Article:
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Portal:South Australia


The South Australia Portal

Flag of South Australia
Flag of South Australia
Location within Australia

South Australia (commonly abbreviated as SA) is a state in the southern central part of Australia. It covers some of the most arid parts of the country. With a total land area of 984,321 square kilometres (380,048 sq mi), it is the fourth-largest of Australia's states and territories by area, and second smallest state by population. It has a total of 1.8 million people. Its population is the second most highly centralised in Australia, after Western Australia, with more than 77 percent of South Australians living in the capital Adelaide, or its environs. Other population centres in the state are relatively small; Mount Gambier, the second-largest centre, has a population of 26,878.

South Australia shares borders with all the other mainland states. It is bordered to the west by Western Australia, to the north by the Northern Territory, to the north-east by Queensland, to the east by New South Wales, to the south-east by Victoria, and to the south by the Great Australian Bight. The state comprises less than 8 percent of the Australian population and ranks fifth in population among the six states and two territories. The majority of its people reside in greater Metropolitan Adelaide. Most of the remainder are settled in fertile areas along the south-eastern coast and River Murray. The state's colonial origins are unique in Australia as a freely settled, planned British province, rather than as a convict settlement. Colonial government commenced on 28 December 1836, when the members of the council were sworn in near the Old Gum Tree.

As with the rest of the continent, the region has a long history of human occupation by numerous tribes and languages. The South Australian Company established a temporary settlement at Kingscote, Kangaroo Island, on 26 July 1836, five months before Adelaide was founded. The guiding principle behind settlement was that of systematic colonisation, a theory espoused by Edward Gibbon Wakefield that was later employed by the New Zealand Company. The goal was to establish the province as a centre of civilisation for free immigrants, promising civil liberties and religious tolerance. Although its history has been marked by periods of economic hardship, South Australia has remained politically innovative and culturally vibrant. Today, it is known for its fine wine and numerous cultural festivals. The state's economy is dominated by the agricultural, manufacturing and mining industries. (Full article...)

Operation Totem was a pair of British atmospheric nuclear tests which took place at Emu Field in South Australia in October 1953. They followed the Operation Hurricane test of the first British atomic bomb, which had taken place at the Montebello Islands a year previously. The main purpose of the trial was to determine the acceptable limit on the amount of plutonium-240 which could be present in a bomb.

In addition to the two main tests, there was a series of five subcritical tests called "Kittens". These did not produce nuclear explosions, but used conventional explosives, polonium-210, beryllium and natural uranium to investigate the performance of neutron initiators. (Full article...)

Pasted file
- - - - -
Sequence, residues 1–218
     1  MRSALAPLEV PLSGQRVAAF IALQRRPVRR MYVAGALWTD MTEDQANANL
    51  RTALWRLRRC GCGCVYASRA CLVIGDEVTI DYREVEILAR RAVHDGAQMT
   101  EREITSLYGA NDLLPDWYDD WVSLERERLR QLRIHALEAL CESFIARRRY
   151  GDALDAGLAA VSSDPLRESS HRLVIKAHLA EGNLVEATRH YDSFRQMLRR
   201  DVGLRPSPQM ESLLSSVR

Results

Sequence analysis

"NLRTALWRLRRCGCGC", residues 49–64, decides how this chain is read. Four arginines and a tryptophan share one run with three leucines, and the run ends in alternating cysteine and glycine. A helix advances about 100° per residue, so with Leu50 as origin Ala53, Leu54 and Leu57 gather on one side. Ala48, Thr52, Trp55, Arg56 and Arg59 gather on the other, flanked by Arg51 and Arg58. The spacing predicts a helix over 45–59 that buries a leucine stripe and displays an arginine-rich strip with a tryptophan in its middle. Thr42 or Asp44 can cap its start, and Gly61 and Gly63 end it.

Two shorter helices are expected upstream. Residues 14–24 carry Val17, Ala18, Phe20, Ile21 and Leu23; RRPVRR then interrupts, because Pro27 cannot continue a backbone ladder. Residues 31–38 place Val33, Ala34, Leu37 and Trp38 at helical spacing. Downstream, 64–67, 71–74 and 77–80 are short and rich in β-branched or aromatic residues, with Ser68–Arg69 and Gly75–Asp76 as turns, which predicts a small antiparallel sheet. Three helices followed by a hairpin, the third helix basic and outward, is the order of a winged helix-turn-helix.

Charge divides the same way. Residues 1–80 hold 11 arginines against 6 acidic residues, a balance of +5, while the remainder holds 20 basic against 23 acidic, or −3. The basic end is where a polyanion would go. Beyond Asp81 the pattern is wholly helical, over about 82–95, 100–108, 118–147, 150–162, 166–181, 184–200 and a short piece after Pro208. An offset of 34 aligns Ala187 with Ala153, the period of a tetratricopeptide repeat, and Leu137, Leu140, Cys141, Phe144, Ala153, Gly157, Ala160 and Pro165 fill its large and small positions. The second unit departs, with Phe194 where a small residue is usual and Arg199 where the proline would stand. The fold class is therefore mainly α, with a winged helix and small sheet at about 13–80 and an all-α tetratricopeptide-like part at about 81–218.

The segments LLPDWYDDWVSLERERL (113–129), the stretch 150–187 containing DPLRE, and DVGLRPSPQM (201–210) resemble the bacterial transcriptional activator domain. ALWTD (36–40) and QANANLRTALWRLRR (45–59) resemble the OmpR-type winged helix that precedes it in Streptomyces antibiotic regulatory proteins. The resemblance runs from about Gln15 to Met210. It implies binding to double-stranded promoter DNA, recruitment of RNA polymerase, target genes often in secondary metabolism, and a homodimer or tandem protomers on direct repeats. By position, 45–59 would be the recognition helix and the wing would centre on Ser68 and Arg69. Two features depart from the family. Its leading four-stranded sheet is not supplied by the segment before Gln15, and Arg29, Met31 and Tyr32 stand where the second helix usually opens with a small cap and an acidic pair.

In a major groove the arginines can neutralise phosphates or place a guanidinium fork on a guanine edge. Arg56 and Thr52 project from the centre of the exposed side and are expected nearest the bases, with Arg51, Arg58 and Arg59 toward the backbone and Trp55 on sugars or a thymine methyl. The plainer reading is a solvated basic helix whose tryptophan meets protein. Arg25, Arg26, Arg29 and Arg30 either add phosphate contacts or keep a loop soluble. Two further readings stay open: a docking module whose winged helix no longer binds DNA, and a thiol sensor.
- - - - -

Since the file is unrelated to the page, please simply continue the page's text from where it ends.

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Blue Lake.
Blue Lake.
Credit: Aaron Allen

Blue Lake is a large lake located in an extinct volcanic caldera in Mount Gambier. It is known as Waawor in the local Aboriginal language. During summer and the surrounding months, the lake takes on a vibrant blue colour, returning to a colder steely-grey colour for winter. The exact cause of this phenomenon is still a matter of conjecture but it is generally considered likely that it revolves around the warming of the surface layers of the lake during the summer months to around 25 degrees celsius, causing calcium carbonate to precipitate out of solution and enabling micro-crystallites of calcium carbonate to form. This results in a scatter of the blue wavelength of sunlight. The movement of planktonic life-forms within the lake during the seasons and during the day may also play a part in the visibility changes.

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Richard Layton Butler

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GeographyAdelaide Hills • Adelaide Plains • Barossa Valley • Clare Valley • Coonawarra • Eyre Peninsula • Fleurieu Peninsula • Flinders Ranges • Kangaroo Island • Limestone Coast • Mid North • Nullarbor Plain • Riverland • Yorke Peninsula

HistoryKaurna Indigenous people • European settlement • History of Adelaide • Proclamation Day • Australian Overland Telegraph Line • Timeline of South Australian history

Towns and CitiesAdelaide • Coober Pedy • Mount Gambier • Murray Bridge| Port Augusta • Port Lincoln • Port Pirie • Victor Harbor • Whyalla

Economy and PoliticsPremiers • Governors • Parliament • House of Assembly • Electoral districts • Legislative Council • State elections

CultureCroweater • Pie floater • Wine • The Advertiser • Adelaide Festival Centre • Adelaide Entertainment Centre • WOMADelaide • Adelaide Fringe • Elder Park • The Crows • The Power • The Reds • Redbacks • Hindmarsh Stadium • AAMI Stadium • Rundle Mall

PeopleKaurna Indigenous people • Matthew Flinders • William Light • Charles Sturt • Edward Gibbon Wakefield • John Hindmarsh • George Gawler • Playford family • Don Dunstan

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